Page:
- Influential and respected names of the wine industry. We have already lined up key names such as Robert Joseph, Dirceu Viana MW, Martin Reyes MW, Sonal Holland MW, Siobhan Turner MW, Stephen Wong MW and Ulf Sjodin MW and Paul Schaafsma of Benchmark Drinks, the man and business behind the phenomenon that is Kylie Minogue Wine; and Stephen Wang of Summergate.
- Experts from other industries and world leaders and celebrities. This year we are not inviting politicians, such as President Obama, or Vice President Al Gore, because the world is very politically polarised. Instead, we are aiming to have six to eight prominent names that can share their global expertise. These include: Sir Christopher Pissarides, awarded the Nobel Economy price in 2020; the Secretary General of the UN International Youth Organization, Max Trejo; and the lead singer of Iron Maiden and entrepreneur Bruce Dickinson.
Who is the event aimed at?
Like in all past iterations of Wine Future and Green Wine Future, we always target our conferences to trade members and we attract winery owners and management, wine buyers, chief executives, importers and distributors.
We also want to attract those responsible for promoting consumption, communicating about wine, marketeers, people in charge of social media and digital marketing, and retailers. We particularly want to get the insights of major supermarkets, wine shops, hotels, and restaurants because retailers, wine waiters and sommeliers are the first line of attack between the producers and the consumer.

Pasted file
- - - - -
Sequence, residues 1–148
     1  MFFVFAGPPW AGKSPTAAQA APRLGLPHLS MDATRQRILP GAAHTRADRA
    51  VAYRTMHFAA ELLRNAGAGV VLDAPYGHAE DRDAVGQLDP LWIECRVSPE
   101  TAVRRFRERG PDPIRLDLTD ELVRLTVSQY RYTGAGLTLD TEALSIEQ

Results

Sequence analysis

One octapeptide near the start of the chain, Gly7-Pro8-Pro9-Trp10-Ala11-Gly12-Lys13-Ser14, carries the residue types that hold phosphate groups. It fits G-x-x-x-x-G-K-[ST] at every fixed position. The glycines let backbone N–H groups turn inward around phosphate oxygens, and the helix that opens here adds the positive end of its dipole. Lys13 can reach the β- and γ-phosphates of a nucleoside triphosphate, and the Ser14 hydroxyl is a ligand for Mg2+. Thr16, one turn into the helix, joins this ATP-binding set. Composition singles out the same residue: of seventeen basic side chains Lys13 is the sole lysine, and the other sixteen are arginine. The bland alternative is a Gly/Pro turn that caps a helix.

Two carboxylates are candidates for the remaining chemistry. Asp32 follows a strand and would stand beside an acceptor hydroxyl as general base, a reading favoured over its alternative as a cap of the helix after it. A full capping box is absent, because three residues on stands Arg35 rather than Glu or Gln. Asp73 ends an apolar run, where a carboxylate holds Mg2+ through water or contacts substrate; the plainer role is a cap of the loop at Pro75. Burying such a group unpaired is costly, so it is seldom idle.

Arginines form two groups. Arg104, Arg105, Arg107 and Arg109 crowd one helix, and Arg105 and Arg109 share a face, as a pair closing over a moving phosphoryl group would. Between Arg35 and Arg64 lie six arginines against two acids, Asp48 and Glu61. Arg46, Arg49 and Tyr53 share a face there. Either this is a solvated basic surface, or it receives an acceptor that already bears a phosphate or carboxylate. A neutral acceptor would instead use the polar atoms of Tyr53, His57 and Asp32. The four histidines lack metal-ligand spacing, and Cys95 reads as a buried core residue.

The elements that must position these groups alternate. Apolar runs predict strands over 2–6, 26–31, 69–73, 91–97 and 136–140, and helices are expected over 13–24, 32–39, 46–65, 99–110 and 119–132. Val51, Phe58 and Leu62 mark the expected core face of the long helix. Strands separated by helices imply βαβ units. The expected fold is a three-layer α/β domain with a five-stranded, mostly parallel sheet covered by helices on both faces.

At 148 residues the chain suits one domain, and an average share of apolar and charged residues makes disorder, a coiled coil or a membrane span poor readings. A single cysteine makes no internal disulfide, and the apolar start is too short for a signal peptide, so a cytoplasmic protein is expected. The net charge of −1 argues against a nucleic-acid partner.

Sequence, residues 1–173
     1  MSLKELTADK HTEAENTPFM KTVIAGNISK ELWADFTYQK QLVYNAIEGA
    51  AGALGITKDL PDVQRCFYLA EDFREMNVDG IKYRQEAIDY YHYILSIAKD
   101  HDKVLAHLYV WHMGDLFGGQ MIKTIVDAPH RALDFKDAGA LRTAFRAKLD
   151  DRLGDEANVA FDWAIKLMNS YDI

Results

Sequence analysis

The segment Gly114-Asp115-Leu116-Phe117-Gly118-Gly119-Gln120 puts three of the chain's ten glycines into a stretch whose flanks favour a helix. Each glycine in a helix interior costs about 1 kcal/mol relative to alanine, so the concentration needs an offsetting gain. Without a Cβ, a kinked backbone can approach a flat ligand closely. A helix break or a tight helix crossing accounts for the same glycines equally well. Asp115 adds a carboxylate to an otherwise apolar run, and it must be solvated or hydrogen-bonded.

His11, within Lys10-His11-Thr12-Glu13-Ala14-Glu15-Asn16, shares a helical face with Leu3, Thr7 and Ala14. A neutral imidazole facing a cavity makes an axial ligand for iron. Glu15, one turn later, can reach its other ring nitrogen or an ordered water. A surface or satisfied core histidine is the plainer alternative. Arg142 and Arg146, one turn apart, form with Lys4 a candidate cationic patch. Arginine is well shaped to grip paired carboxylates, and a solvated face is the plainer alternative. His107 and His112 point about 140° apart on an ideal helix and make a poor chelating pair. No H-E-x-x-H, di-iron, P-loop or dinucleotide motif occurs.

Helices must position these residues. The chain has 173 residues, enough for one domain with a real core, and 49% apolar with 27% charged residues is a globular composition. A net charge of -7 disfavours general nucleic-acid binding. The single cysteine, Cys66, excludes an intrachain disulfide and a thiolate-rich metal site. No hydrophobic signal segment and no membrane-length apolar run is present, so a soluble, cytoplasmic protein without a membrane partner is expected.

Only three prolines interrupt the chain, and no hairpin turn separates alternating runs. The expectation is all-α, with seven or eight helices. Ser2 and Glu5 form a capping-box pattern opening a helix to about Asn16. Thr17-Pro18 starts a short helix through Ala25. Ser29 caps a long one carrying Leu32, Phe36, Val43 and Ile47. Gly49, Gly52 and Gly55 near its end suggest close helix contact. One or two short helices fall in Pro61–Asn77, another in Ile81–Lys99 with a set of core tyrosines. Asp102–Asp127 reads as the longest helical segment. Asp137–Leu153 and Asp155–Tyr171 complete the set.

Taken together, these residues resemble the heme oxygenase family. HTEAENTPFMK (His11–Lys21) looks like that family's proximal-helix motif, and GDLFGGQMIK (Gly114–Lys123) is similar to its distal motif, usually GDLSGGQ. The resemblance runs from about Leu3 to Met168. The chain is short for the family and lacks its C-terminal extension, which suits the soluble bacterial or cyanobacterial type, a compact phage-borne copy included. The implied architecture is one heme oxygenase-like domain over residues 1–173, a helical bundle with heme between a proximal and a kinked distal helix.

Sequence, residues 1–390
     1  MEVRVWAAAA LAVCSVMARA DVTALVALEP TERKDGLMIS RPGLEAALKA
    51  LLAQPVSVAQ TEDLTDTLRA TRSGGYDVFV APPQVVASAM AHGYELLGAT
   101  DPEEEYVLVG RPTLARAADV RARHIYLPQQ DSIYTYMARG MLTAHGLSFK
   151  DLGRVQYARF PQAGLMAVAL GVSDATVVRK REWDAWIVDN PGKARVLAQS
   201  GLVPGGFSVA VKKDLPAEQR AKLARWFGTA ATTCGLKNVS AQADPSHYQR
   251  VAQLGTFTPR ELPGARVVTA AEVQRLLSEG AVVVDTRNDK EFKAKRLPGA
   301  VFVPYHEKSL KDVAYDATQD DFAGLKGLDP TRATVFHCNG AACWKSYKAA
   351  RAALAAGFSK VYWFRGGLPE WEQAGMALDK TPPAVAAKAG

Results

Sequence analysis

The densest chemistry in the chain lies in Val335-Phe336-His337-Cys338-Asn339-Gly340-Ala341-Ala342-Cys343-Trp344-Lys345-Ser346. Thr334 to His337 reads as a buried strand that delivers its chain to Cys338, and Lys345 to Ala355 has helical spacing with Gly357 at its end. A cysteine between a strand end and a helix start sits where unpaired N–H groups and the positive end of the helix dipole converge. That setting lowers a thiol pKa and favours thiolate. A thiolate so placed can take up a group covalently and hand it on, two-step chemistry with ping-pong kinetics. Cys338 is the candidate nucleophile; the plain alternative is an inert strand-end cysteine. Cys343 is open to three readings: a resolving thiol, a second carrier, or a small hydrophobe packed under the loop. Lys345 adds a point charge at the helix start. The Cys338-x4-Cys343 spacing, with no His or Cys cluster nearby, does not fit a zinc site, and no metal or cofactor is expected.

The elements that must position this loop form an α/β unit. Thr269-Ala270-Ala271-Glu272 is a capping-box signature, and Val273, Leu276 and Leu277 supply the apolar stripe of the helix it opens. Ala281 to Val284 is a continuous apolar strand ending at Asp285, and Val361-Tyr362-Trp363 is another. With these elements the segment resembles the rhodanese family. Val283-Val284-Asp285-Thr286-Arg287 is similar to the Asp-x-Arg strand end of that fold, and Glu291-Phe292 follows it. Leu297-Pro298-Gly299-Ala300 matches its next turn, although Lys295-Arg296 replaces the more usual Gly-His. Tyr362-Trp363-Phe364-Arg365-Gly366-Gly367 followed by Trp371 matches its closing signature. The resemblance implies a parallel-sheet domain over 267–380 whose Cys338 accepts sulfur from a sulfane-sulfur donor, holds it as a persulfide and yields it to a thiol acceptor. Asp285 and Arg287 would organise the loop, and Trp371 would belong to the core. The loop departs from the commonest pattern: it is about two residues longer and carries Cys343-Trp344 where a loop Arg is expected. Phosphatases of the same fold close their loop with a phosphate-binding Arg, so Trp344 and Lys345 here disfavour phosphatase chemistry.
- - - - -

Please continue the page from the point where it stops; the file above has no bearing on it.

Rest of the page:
How will Wine Future be organised in terms of talks, debates and a conference?
The conference will feature panels with three or four speakers, plus a moderator, and keynote speeches by some of our guest VIP speakers. There will be four masterclasses and guided tastings, two of which have been confirmed:
- Historical and legendary vintages of Madeira and Porto conducted by Richard Mayson.
- Icon and premium wines of Portugal conducted by Dirceu Viana MW.
Both tastings will also see local producers showing their wines.
There will be a trade fair area to help encourage networking between exhibitors, delegates and speakers.
Are you still looking for people to speak and take part?
Our goal is to have at least 50 to 60 speakers and we are only halfway there. We welcome experts, influential people and anyone with a success story to share that can contribute to any of the panels of the conference. We also have two further masterclasses and tastings to be confirmed. So are very much open to suggestions.
What are your personal thoughts on the wine industry and what you would like to see businesses focusing on?
The wine industry has been very slow in adopting new technologies, admitting its weaknesses and learning from other industries, especially its competition. Wine professionals must change the language used especially with new and younger potential drinkers, making it more consumer friendly and less intimidating.
More marketing budgets must be allocated for the promotion of wine and to engage new generations. Some brands of beer and soft drinks have very high market shares and they still spend billions of dollars in marketing. Celebrity endorsements and sponsoring international events is a tactic that works for many industries and wine should not turn its back to these strategies.
- To find more about Wine Future and how to take part and register then click here.